It can even happen to an entire denomination. Sometimes churches can find themselves majoring in the minors, or emphasizing Christian living for its own sake and not for the sake of accompanying Christ on His mission. We can become so caught up in our priorities and strategies that we begin to lose our theological mooring, our identity as Lutheran Christians. Or conversely, we can focus so much on who we are that we forget what we are to be—and to be about—on mission with Christ.

Yes sometimes even we Christians can loose our way, and when we do, we have to recalibrate our spiritual GPS—in our lives, as a congregation, as the church, as the kingdom of God in grace on earth. This is really what had happened in the time of Micah, the prophet of our text. As we’ve heard the last few Sunday’s during our Advent journey, the people of God had lost their way. The kings of the house of David acted as though they were the real kings, not the servants of God for the kingdom of God. The people had become more interested in themselves, in their own success, than serving God and their neighbor.

And the prophets had some hard words, as we have heard before. Of the great citadel Jerusalem and its temple, Micah said, “Zion will be plowed as a field; Jerusalem shall become a heap of ruins. Yet their message was not without hope. They spoke of a new king, another son of David. But there was also a sense that the new king was not just another David, as though maybe just one more generation was needed to get it all back on track. No, this was not just about going forward, this was a message of going back, remembering where they came from, and getting back on course.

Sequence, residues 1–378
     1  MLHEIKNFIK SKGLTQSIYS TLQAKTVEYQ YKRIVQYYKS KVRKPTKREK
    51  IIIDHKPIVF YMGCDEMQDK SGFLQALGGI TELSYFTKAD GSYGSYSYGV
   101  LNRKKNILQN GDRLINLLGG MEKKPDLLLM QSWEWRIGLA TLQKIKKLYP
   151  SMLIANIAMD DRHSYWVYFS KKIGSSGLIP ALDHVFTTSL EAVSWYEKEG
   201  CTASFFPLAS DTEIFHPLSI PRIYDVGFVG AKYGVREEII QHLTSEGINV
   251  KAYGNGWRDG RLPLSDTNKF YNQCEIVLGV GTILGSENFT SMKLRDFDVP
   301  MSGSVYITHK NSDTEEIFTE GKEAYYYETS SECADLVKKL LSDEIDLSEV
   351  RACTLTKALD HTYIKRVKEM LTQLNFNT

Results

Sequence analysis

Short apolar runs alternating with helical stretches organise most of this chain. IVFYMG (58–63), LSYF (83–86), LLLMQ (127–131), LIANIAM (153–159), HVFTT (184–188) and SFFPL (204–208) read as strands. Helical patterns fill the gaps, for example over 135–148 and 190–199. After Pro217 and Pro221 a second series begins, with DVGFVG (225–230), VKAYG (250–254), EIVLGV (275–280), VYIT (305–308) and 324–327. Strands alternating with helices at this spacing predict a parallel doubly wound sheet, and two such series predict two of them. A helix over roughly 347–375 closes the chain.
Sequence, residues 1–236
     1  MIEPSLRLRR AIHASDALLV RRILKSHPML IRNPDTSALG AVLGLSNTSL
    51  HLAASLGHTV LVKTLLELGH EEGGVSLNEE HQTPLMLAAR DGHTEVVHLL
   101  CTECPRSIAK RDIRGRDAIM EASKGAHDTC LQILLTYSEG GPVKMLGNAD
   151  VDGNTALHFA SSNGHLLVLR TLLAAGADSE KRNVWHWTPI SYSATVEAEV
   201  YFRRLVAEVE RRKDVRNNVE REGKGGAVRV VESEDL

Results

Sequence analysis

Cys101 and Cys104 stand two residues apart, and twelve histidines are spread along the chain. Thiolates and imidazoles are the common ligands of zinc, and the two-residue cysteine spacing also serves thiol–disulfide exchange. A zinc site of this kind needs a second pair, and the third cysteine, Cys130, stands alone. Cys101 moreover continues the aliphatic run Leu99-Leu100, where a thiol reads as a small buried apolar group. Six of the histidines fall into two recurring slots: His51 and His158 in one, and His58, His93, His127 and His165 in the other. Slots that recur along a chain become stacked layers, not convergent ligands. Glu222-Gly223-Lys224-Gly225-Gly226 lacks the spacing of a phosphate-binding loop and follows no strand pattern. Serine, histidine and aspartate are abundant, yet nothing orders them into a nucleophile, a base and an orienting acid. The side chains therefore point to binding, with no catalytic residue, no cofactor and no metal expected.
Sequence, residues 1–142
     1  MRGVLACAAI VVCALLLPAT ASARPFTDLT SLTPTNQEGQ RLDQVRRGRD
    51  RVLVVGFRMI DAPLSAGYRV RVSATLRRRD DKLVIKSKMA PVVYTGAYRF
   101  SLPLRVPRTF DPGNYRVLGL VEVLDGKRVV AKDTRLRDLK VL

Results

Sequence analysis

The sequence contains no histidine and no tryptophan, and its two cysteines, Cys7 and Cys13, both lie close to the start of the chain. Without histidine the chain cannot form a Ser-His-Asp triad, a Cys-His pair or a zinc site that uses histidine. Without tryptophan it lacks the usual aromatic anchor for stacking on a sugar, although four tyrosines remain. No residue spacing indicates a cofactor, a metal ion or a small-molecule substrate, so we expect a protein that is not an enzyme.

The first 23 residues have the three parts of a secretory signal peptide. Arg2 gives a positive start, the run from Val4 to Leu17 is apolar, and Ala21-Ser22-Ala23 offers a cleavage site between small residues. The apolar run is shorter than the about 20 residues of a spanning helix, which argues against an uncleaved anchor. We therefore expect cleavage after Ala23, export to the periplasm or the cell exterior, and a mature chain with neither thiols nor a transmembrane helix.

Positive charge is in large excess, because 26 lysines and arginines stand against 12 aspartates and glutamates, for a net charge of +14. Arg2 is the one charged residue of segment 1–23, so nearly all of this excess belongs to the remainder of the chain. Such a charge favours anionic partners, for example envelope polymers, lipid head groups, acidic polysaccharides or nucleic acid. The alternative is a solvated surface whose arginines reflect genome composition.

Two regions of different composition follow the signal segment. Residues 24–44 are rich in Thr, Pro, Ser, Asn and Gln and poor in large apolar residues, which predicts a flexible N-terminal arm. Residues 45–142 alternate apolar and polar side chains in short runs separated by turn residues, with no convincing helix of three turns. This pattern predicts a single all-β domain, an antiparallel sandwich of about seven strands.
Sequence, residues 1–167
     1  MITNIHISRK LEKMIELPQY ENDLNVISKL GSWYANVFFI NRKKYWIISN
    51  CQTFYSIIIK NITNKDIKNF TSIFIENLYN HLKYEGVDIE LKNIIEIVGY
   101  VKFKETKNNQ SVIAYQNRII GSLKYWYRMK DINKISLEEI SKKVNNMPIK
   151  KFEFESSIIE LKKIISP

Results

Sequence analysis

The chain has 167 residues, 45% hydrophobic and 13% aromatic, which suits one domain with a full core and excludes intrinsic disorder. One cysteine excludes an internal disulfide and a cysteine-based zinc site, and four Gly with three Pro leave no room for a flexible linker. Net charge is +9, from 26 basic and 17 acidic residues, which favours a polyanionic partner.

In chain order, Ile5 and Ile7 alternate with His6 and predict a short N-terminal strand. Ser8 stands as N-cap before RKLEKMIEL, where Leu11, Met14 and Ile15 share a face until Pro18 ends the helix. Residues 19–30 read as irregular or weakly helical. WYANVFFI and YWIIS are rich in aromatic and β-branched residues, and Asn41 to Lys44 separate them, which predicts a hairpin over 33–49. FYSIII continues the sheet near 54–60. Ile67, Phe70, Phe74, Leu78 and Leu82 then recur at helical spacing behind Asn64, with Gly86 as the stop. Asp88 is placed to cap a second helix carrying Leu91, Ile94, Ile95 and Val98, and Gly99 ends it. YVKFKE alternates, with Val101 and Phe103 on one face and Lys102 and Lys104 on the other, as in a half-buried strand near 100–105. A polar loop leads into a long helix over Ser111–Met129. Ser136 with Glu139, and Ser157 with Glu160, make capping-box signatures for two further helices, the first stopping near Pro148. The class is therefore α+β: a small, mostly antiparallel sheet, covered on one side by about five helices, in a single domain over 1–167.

For the king, this meant remembering David and his humble beginnings, back in his home town of Bethlehem. It wasn’t “David’s royal city” then. It was a small rural town, and Jesse and his sons were shepherds. Remember that Samuel looked for a son to anoint as king, and they paraded all of Jesse’s sons past him but David, he was the youngest and was out in the fields doing his work. He wasn’t even under consideration, but he was the one.

Of course, we know by a simple reading of scripture that when David became king, he quickly outgrew his humility and meekness. It didn’t take long for the house of David to get off course. And God would have to find them, having lost their way, and bring them back. Back to the beginning. Back to Bethlehem.  Back to a new birth of a new king.

Dear friends in Christ, we started our advent journey toward understanding God’s king and his kingdom by talking about “home,” the place, the city that is the king’s capital, which identifies his kingdom. We talked about the importance of a place to call home, with its safety and security. But we also noted that even a king who is serving in the kingdom of God could confuse his ideas about the kingdom with what God really wanted and intended it to be.